Beatty says a lot of that impact is about attitude: Do all you can at the command center to resolve a call when it comes in. Distress calls more often than not are unclear, he says. It’s not clear what’s happening. It’s not clear where it’s happening. The nature of the distress. The description of the vessel. The number of people aboard. Are they wearing life jackets? These are critical questions. “We have to be tenacious in tracking down information and conducting our investigation to find out what’s going on,” Beatty says. When in doubt, act. Send help. “You can always call your resources back,” he says. You can’t get the time back if you wait too long.

Beatty says changes the Coast Guard has adopted to improve its ability to respond to calls for assistance include:

• Rescue 21, a state-of-the-art command and control communications system that uses a network of towers to extend a command center’s VHF coverage of the coastline out to 20 nautical miles and enable watchstanders to hear calls better.

• This system can more accurately identify the location of callers in distress via the towers, which generate lines of bearing to the source of radio transmissions, significantly reducing search time.

• Radios in the command center now have digital recorders, which watchstanders can use to immediately play back a garbled transmission, filter out the static and listen to the transmission as many times as necessary to decipher the call.

• The number of people working in the command centers has been increased from two — one of whom slept at night, as was the case when the Morning Dew call came in — to four people, each with a defined role. Those roles typically are communications, operations, planning and situational awareness.

• When a search-and-rescue case is initiated, a SAR mission coordinator is notified and provides guidance as the case progresses.

• Civilians, who do not transfer every two to four years, as Coast Guard personnel do, also staff the command center, providing continuity and deep local knowledge.

• A Command Center Standardization Team visits every command center at least once every two years to audit procedures and performance. The command center is expected to correct any deficiencies, and those deficiencies are passed up the chain of command to identify trends that can be incorporated into the Maritime Search Planning Course to improve SAR performance.

• Every Coast Guardsman involved in search and rescue is trained in search and rescue and goes back for refresher training. Beatty has been through the course three times. And watchstanders have a special watchstander rating now. They are trained specifically for that job.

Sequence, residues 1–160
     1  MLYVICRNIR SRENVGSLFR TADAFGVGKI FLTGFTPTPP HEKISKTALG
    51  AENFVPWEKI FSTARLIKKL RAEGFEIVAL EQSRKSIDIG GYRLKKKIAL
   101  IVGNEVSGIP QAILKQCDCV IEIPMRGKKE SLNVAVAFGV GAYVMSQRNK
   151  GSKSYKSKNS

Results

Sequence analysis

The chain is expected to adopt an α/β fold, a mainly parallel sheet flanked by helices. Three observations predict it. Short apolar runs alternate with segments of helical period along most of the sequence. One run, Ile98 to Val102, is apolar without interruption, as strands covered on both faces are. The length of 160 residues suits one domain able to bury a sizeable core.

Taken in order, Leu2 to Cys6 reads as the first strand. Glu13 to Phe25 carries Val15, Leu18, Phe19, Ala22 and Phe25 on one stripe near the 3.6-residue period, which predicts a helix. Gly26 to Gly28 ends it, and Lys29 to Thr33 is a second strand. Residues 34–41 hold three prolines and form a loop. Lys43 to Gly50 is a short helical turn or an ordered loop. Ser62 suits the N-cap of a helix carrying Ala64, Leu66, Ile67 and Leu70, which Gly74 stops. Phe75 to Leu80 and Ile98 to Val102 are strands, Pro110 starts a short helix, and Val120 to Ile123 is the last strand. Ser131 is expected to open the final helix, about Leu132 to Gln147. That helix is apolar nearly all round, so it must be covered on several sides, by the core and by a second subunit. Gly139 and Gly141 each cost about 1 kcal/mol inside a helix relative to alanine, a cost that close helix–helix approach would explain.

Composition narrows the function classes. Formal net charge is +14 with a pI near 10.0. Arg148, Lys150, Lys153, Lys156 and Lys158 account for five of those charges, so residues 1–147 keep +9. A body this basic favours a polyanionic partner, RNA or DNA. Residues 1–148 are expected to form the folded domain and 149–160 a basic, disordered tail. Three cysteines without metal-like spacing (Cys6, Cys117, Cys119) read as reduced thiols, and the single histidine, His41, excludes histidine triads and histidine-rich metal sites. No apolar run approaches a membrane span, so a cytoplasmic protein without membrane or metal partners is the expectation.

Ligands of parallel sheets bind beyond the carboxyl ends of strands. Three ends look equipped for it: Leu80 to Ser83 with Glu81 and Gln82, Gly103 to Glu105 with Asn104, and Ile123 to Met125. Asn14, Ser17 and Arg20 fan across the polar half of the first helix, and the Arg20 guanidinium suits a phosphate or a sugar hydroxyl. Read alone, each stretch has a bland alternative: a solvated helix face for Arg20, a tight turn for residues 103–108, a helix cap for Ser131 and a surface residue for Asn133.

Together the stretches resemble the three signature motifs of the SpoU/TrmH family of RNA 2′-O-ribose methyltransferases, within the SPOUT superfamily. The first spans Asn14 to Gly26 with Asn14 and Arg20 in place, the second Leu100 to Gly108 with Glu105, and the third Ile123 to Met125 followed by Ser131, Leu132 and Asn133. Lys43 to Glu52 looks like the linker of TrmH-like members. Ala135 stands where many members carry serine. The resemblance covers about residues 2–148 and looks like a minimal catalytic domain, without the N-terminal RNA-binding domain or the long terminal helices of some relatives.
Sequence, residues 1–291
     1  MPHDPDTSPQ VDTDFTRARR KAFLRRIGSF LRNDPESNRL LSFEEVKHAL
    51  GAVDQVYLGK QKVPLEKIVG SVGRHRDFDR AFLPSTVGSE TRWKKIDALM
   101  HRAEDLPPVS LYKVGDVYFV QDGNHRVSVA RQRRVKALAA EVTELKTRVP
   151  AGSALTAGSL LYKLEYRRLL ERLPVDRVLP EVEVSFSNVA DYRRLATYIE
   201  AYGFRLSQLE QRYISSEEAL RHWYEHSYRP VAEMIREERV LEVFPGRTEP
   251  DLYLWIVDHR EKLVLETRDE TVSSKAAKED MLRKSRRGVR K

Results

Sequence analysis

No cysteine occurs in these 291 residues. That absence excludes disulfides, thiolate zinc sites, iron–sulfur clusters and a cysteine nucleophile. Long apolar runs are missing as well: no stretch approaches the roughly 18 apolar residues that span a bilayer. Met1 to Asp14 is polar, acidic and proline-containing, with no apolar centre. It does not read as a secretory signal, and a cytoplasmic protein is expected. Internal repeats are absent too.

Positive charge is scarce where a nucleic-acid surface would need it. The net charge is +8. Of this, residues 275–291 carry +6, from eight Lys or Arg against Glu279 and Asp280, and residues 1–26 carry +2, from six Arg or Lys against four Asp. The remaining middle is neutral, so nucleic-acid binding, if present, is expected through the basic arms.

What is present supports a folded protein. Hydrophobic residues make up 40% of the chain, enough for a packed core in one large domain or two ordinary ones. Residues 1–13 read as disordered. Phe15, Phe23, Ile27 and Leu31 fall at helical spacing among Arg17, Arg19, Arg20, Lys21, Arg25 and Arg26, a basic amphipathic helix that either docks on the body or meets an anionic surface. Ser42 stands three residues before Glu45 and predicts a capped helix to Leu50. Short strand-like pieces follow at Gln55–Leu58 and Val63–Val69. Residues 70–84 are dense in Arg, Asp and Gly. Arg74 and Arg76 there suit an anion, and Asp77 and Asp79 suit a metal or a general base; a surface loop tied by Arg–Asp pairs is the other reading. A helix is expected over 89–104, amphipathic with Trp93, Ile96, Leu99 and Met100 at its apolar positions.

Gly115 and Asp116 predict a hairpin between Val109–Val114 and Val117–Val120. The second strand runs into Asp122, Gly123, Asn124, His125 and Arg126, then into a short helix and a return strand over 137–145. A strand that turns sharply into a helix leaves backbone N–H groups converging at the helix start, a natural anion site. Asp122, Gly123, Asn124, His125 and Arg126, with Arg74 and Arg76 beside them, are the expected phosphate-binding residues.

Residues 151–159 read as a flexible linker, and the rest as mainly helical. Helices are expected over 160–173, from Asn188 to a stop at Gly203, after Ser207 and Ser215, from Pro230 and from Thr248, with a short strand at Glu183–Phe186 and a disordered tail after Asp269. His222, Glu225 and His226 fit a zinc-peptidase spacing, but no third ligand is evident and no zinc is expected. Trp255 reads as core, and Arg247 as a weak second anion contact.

• Sector Charleston is part of a joint local, state and federal command center called Sea Hawk. The pilot program was inaugurated to foster intergovernmental cooperation on port security and Homeland Security matters and serve as a conduit for coordination and the exchange of information about SAR cases.

The NTSB faulted Michael Cornett for undertaking a risky voyage with three children and no other adult aboard to back him up. He had planned to go the distance to Jacksonville via the Intracoastal Waterway. The NTSB accident report suggests that he may have been fatigued and hypothermic and made a wrong turn when he left the ICW at Winyah Bay and motored into the ocean. That later required him to find his way back to the ICW at night in the rain at Charleston Harbor. “Neither the Morning Dew, its operator, nor its passengers were adequately prepared or equipped for a trip into the open ocean, and the ocean voyage should not have been attempted,” the NTSB says.

Libby Cornett, who home-schooled her children and taught early childhood education at a community college, has not remarried but has found new purpose as president of The Dan Paul Foundation, dedicated to helping train teachers and parents in early childhood development, protecting children from abuse and neglect, advocating for them, teaching them personal social responsibility and promoting their health and education.

The foundation, underwritten by the judge’s award to her, paid out more than $71,000 in grants to qualifying organizations in 2012. It has underwritten children’s museums and has paid for playground equipment, preschool scholarships, after-school learning programs, transitional housing for teen mothers, food and shelter for orphans, parent mentoring programs and counseling for abused children.

“I have been very fortunate to be able to be involved and do this,” she says.

April 2015 issue